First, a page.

**Abstract:**
This paper gives hypercube algorithms for some simple problems
involving geometric properties of sets of points. A hypercube
is a type of parallel computer, with the processors linked together
as a hypercube graph.
The properties considered emphasize aspects of convexity and
domination.
Efficient algorithms are given for both fine-grain
and medium-grain hypercube computers. For both serial and
parallel computers, sorting plays an important role in geometric
algorithms for determining simple properties, often
being the dominant component of the time.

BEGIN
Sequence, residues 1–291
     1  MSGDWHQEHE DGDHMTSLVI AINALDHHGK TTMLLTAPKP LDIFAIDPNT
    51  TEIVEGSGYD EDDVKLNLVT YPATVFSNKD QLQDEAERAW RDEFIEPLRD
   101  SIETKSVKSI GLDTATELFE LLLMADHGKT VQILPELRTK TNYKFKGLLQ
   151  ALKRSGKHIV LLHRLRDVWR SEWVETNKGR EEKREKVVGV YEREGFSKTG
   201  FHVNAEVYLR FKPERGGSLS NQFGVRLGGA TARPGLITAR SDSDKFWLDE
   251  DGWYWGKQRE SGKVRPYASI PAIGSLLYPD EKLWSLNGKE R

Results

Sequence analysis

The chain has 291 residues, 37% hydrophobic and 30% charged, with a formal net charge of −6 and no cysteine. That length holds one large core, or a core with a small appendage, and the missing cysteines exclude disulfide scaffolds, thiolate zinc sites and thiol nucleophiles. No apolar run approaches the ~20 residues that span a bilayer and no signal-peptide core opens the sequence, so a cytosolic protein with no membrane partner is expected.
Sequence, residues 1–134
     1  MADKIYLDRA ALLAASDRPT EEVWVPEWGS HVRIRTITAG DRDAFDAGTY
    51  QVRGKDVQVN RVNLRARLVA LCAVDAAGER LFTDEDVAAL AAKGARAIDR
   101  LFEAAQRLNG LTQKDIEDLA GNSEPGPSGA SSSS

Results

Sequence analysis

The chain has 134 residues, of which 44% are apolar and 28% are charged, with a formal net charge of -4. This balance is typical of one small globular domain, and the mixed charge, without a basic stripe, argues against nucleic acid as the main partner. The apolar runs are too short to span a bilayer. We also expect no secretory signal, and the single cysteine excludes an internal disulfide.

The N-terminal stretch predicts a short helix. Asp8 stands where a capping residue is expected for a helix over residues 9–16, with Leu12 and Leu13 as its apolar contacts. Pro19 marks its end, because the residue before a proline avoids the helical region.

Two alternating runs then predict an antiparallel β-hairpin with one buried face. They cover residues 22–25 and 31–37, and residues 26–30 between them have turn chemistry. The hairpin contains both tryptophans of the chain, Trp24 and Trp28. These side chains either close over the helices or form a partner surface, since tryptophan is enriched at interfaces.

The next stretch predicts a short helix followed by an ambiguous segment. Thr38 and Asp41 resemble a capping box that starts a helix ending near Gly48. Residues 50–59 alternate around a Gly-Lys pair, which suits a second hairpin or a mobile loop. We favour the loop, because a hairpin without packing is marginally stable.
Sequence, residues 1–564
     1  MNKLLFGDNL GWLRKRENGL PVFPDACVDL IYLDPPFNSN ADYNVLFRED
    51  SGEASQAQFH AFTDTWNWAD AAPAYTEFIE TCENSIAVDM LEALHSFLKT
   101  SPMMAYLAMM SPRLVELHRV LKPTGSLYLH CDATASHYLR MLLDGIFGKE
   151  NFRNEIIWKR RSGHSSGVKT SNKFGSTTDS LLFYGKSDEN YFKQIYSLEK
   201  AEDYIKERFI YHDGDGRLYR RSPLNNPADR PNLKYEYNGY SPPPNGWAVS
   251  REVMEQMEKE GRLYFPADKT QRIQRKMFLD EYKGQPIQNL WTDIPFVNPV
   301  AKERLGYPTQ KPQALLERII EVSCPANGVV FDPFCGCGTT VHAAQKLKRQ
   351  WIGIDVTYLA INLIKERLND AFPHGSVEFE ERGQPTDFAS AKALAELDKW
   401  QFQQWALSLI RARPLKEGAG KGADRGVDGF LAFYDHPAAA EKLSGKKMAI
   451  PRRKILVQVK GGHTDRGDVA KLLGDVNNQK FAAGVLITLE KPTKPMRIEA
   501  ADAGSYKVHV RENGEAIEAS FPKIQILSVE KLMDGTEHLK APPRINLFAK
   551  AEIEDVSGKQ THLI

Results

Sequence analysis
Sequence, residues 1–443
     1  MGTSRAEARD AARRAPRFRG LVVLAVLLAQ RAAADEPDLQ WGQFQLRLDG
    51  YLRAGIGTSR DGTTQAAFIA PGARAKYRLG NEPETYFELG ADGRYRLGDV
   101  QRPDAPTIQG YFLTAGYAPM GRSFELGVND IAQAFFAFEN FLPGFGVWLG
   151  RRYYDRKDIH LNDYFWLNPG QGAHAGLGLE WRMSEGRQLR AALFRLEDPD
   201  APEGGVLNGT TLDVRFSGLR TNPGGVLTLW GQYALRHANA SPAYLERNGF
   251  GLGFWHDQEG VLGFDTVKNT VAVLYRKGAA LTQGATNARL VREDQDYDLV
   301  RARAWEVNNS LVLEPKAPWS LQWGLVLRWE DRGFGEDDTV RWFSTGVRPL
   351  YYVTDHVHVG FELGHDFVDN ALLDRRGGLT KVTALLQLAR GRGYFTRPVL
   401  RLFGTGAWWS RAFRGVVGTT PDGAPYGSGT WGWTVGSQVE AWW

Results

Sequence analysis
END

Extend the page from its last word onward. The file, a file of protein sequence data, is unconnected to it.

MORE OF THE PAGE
On a hypercube computer the time required to sort is still not fully
understood, so the times of some of our algorithms for unsorted data are
not completely determined.
For the fine-grain model using
worst-case timing we show that if the data are presorted then
faster algorithms are possible, provided that sorting one item per processor
requires time growing faster than the dimension of the
hypercube.
For both models we show that faster expected-case running time algorithms
are possible for point sets generated randomly.
Our algorithms are developed
for sets of planar points, with several of them extending to
sets of points in spaces of higher dimension.
**Keywords:** convex hull, domination, sorting, hypercube algorithms,
computational geometry, worst-case, expected case, parallel algorithm,
parallel computer, supercomputing, computer science

Russ Miller (miller@cse.buffalo.edu)